(418aa) Carbon Capture Using Carbonic Anhydrase-Displaying Escherichia coli in Biologically Active Foams | AIChE

(418aa) Carbon Capture Using Carbonic Anhydrase-Displaying Escherichia coli in Biologically Active Foams


Watson, S. - Presenter, University of Hawaii
Kan, E., University of Hawaii
Han, Z., University of Hawaii
Su, W. W., University of Hawaii

Carbon Capture Using Carbonic Anhydrase-Displaying Escherichia coli in Biologically Active
Stuart Watson, Zhenlin Han, Wei Wen Su, Eunsung Kan Department of Molecular Biosciences and Bioengineering University of Hawaii at Manoa
Honolulu, HI 96822
In recent years, global warming as the result of greenhouse gas emissions, especially that of CO2, has become of great concern. Many technologies have been proposed and employed to capture post-combustion CO2 as governments worldwide have recognized the need to do so. Conventional methods such as absorption and adsorption have the problems of regeneration of spent solvents and media requiring additional energy input and expensive operating costs. For these reasons, the carbonic anhydrase enzyme (CA), which quickly catalyzes the conversion of CO2 into bicarbonate ion and a proton, has been studied for use in carbon capture and sequestration (CCS) technologies. This process would solve the limitations of current carbon capture technologies because it readily converts CO2 into environmentally friendly products at mild conditions. Furthermore, upon CO2 removal, the aqueous bicarbonate can be precipitated and separated as calcium carbonate (bio-mineral) as a value-added product. However, current CA-driven carbon capture remains problematic: the purified enzyme itself costs in the range of thousands of dollars per gram; the enzyme works best in slightly alkaline conditions, so some buffering capacity is necessary to combat the protons it generates; and CA must be replaced over time as it gradually loses its activity. The major goals of this project are to employ genetically modified E. coli to continuously produce and display CA on their cell membranes and to use these bacteria in the Foam Bioreactor to capture and sequester CO2. The bacteria incubated in auto inducible media (AIM) have shown successful growth and enzyme expression as well as high activity and foaming capacity in the Foam Bioreactor. Because of the huge gas-to-liquid surface area in the Foam Bioreactor, the CO2 in gas phase was quickly transferred to many CA- displaying bacteria, allowing the CA to convert CO2 to bicarbonate ions and protons. Under ex situ pH control and an inlet stream of 2% CO2 at a cell concentration of 2.0 g/L, varying gas flow rates showed an optimum of 1 L/m with a removal efficiency (RE) of 50% and corresponding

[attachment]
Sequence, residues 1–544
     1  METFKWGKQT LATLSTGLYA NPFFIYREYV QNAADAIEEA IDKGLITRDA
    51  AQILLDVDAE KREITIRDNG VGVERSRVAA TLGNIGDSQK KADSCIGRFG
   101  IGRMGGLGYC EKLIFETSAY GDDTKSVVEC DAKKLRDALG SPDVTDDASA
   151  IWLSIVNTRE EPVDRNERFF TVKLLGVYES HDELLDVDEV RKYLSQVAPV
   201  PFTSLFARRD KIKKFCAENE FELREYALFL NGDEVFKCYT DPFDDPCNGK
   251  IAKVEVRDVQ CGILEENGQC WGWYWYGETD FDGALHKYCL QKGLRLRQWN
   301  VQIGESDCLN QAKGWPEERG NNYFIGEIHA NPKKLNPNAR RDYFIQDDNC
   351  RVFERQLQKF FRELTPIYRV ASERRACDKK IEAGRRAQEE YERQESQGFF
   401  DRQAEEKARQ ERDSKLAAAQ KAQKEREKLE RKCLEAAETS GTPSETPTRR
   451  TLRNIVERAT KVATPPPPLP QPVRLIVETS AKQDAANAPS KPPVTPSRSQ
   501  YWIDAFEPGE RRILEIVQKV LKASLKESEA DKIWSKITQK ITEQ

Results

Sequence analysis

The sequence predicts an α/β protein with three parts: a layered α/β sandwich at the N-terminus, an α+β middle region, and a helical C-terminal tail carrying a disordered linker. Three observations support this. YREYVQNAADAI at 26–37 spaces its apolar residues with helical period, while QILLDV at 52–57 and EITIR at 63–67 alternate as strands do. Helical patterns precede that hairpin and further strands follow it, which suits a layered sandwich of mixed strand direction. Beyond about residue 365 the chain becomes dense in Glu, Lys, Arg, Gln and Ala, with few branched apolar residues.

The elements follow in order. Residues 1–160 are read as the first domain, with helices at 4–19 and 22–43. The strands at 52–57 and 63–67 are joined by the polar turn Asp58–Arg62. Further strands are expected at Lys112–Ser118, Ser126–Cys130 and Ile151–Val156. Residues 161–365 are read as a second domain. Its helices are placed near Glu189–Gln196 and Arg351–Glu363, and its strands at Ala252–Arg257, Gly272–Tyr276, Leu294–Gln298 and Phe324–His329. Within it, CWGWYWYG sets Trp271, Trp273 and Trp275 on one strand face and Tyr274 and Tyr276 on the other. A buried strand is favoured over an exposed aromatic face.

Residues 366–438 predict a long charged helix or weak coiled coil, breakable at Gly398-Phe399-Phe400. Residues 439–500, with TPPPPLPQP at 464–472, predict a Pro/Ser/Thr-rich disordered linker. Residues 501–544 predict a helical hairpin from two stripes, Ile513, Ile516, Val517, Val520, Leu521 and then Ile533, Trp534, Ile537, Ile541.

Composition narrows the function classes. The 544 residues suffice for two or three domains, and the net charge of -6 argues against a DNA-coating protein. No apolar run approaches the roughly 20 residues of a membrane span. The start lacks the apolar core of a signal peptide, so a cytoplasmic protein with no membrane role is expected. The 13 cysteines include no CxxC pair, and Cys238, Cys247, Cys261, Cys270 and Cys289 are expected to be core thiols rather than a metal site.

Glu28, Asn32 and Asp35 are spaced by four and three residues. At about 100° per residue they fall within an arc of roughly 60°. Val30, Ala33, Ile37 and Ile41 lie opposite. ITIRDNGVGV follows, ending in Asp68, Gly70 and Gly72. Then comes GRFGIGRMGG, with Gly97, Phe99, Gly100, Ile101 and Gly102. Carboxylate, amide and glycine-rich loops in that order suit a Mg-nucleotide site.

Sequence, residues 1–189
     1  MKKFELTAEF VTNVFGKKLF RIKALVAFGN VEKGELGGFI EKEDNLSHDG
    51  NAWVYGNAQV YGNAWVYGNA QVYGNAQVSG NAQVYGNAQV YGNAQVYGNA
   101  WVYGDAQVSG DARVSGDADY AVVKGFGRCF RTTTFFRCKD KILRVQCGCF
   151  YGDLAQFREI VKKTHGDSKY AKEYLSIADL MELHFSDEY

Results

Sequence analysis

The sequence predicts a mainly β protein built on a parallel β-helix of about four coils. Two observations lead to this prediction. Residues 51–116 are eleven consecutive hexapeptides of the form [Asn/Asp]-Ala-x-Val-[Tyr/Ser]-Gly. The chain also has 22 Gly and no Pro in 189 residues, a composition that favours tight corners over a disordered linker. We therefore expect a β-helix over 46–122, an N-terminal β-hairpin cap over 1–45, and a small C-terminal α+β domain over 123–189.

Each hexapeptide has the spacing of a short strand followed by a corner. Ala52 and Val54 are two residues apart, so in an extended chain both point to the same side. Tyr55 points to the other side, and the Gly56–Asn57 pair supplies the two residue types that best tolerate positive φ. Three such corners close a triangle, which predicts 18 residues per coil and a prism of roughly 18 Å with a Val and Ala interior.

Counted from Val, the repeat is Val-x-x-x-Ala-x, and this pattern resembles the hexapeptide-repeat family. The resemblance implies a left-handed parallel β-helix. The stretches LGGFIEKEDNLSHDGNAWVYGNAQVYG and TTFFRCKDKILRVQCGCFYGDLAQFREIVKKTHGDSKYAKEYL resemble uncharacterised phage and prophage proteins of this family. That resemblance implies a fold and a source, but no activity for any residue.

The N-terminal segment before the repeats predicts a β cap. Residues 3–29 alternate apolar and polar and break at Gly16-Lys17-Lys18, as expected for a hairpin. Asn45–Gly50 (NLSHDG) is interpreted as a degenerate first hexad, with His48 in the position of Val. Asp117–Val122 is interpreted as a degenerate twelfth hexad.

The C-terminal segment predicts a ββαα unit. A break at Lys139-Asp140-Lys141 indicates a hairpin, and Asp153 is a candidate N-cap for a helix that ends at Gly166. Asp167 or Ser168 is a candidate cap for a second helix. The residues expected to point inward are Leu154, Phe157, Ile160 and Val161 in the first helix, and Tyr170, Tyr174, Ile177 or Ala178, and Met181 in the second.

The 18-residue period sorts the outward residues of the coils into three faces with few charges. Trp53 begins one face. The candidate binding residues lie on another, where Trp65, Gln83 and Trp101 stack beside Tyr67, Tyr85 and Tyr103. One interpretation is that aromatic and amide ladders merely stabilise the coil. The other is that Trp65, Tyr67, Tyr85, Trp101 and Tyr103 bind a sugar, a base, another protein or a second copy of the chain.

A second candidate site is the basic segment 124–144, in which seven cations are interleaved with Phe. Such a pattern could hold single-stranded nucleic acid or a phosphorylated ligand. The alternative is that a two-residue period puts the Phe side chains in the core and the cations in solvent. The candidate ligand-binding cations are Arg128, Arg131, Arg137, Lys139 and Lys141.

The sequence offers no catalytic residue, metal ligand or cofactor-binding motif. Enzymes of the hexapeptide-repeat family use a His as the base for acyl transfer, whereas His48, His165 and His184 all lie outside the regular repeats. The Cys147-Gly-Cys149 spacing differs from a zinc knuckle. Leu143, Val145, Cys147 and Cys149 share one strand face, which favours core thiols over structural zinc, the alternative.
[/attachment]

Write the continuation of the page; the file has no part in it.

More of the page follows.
elimination capacity (EC) of 1,980 gCO2/m3h. Investigations on cell concentration effects at fixed gas flow rate of 1 L/m and inlet CO2 showed increasing RE and EC as cell concentration increased from 0.015 g/L to 2.0 g/L, with an RE of 13 â?? 68%, respectively, and an EC of 660 â??
2,860 gCO2/m3h, respectively. Studies combining the cells with the tertiary amine solution,
MDEA, indicate the potential to combine this method of carbon capture as a means to refresh the
solution, rather than via conventional, energy-intensive methods. Furthermore, preliminary studies with in-line bicarbonate product removal show even higher removal of 90% and long- lasting steady states.


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